Ukraine Protests Continue Despite President Yanukovych Concessions

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Violence continues to erupt in the capital of Ukraine, Kiev, even as President Viktor Yanukovych promised on Friday several concessions just to end the unrest. However, these pronouncements made before a meeting with church leaders in Kiev failed to impress the protesters who instead built more street barricades and defiantly remained in the streets to engage riot policemen.

These mass protests against the government of Yanukovych started last November when the president and several Ukrainian officials decided to pull out of talks to join the European Union (EU) in favor of establishing closer economic ties with Russia, Ukraine’s former Soviet master.

Ukraine’s unity day, remembered every Jan. 22, was supposed to be a celebration of her pre-Union of Soviet Socialist Republics (USSR) independence, however, the event was marked by civil unrest and violence where five people were killed and several hundreds injured.

The intensity of the now swelling protests heightened this January when the government implemented several new laws passed by the country’s parliament that are viewed as very repressive. These laws include imposing tight controls on media as well as making it a crime to join the protests of the past two months.

In one instance, a law was copied verbatim from its Russian version involving branding charities and human rights groups with financial backings from abroad as “foreign agents.” According to a Centre for Civil Liberties representative, Oleksandra Matviichuk, their parliament has a “crazy photocopier” referring to the copied law. These issues, together with the government’s refusal to join the EU, government mismanagement and charges of corruption among Ukraine’s officials feed the growing fires of discontent of the people.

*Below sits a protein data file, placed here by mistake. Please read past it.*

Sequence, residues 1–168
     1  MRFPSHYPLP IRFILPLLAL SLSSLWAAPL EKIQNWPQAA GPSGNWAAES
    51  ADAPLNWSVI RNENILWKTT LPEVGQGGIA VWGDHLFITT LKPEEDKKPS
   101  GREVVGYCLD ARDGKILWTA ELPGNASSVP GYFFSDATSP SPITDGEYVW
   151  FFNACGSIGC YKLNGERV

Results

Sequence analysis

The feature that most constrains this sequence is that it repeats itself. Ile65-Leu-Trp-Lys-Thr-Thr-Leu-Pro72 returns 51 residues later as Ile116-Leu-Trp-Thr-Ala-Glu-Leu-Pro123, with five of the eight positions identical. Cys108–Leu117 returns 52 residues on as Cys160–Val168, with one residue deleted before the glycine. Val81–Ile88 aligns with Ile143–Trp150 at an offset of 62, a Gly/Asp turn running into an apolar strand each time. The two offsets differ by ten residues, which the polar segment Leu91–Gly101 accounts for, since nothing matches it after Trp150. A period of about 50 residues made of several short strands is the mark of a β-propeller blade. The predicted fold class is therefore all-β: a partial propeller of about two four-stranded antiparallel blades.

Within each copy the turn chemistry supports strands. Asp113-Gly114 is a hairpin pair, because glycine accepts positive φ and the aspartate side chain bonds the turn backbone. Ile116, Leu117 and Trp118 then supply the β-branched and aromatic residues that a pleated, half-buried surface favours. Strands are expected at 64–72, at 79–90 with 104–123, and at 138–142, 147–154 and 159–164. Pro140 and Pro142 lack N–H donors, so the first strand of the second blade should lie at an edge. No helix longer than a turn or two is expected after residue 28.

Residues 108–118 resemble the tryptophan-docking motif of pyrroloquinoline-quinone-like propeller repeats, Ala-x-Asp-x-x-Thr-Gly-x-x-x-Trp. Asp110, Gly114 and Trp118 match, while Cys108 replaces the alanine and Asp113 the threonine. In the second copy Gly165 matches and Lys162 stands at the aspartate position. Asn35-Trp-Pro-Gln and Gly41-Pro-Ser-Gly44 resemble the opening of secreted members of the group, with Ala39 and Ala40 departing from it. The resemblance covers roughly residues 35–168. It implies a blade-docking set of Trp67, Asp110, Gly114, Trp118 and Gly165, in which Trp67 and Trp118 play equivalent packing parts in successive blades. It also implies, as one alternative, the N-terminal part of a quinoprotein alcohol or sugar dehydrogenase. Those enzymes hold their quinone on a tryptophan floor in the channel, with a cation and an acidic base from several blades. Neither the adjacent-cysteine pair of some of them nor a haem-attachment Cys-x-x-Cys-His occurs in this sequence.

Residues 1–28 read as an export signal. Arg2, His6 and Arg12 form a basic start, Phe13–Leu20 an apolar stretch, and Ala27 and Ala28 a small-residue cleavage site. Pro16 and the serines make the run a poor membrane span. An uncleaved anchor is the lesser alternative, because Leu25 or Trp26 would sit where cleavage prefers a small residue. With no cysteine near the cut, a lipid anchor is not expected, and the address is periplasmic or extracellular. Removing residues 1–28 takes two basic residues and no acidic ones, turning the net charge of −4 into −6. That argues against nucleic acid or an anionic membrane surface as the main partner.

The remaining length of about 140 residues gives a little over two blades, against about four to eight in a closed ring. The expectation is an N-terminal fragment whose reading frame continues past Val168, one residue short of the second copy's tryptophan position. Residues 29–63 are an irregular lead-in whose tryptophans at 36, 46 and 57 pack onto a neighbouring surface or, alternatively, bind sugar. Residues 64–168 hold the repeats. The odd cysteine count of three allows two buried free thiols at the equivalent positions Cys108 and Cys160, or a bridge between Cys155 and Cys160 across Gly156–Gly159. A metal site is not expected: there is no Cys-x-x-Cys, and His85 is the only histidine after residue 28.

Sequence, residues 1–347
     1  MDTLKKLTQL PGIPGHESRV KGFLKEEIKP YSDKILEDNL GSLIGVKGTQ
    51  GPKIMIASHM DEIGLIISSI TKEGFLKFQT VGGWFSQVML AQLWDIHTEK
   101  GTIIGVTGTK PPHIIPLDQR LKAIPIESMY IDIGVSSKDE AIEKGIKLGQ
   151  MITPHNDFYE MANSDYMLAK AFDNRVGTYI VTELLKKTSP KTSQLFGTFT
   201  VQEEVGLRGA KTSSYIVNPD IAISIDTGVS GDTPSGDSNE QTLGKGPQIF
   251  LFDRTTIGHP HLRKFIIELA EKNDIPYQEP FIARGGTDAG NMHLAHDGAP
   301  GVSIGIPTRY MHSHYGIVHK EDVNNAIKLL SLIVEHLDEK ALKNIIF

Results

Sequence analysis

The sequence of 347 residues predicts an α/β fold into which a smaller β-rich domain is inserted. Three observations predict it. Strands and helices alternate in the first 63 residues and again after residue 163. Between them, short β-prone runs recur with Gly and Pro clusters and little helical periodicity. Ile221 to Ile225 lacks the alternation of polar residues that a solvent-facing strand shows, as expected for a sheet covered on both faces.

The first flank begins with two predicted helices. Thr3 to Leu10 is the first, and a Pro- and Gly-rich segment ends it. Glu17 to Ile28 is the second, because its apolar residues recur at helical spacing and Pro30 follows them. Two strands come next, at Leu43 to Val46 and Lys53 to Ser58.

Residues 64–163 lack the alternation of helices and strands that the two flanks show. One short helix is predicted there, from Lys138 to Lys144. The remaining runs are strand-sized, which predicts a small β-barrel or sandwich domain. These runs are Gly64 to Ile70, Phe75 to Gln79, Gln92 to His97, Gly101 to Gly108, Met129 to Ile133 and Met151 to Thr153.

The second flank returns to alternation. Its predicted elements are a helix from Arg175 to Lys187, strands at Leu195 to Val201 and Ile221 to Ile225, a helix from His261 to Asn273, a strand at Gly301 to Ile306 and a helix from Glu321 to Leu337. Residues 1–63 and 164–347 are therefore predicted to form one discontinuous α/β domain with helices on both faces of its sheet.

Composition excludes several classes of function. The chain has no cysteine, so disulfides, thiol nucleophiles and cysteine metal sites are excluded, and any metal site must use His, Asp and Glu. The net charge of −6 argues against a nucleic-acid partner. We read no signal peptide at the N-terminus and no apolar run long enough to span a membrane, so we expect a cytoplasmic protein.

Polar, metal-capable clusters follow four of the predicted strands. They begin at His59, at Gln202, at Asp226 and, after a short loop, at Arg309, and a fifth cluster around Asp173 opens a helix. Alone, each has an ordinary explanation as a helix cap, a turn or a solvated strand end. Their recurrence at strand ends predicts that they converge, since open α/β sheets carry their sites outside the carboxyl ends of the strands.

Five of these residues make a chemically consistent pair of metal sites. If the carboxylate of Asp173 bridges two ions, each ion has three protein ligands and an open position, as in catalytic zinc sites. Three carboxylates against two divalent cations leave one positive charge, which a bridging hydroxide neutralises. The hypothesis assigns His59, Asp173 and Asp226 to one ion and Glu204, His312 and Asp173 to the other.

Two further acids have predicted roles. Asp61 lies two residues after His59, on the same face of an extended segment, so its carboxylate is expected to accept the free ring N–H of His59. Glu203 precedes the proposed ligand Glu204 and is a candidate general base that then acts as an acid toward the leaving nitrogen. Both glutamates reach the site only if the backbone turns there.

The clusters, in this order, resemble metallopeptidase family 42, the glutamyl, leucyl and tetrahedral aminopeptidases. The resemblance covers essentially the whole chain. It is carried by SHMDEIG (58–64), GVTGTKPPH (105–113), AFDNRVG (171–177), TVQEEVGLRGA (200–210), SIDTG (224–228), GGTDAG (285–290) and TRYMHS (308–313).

With the swelling protest getting out of control as the days passed, Yanukovych promised to reshuffle the government and amend the anti-protest laws. “I, as president, will sign a decree and we will reshuffle the government in order to find the best possible professional government team,” Yanukovych said. Included in the concession to the protesters is a reconsideration of the recently passed anti-protest law, many believed it was railroaded through the parliament by legislators loyal to Yanukovych.

Yanukovych also mentioned creating an anti-crisis team to be composed of members from the government and from the opposition, as well as extending amnesties to protesters who were detained but did not commit serious crimes. He told church leaders in the meeting, “I will do all I can to stop this conflict, to stop this violence and establish stability.”

Ukraine is politically divided between the Russian-speaking east where the current president was born and the nationalist and pro-European west. In ditching Ukraine’s plans to join the EU, Russia promised Yanukovych  a $15 billion loan and cheap gas to support efforts to rehabilitate his country’s bankrupt economy. Russia also accused the West of meddling in Ukraine’s internal affairs.

In recent days, U.S. Vice President Joe Biden phoned Yanukovych reminding him to initiate steps to diffuse the on-going tensions, while French President Francois Hollande and German Chancellor Angela Merkel both called for dialogues between the government and the protesters to solve the issues.

President Viktor Yanukovych of Ukraine may be in for tougher times ahead even as he promised several concessions just to end the unrest. The people continued their violent protests, disregarding the president’s latest pronouncements and now also demand his resignation.

By Roberto I. Belda

Sources:

The Economist
BBC News
ABC News

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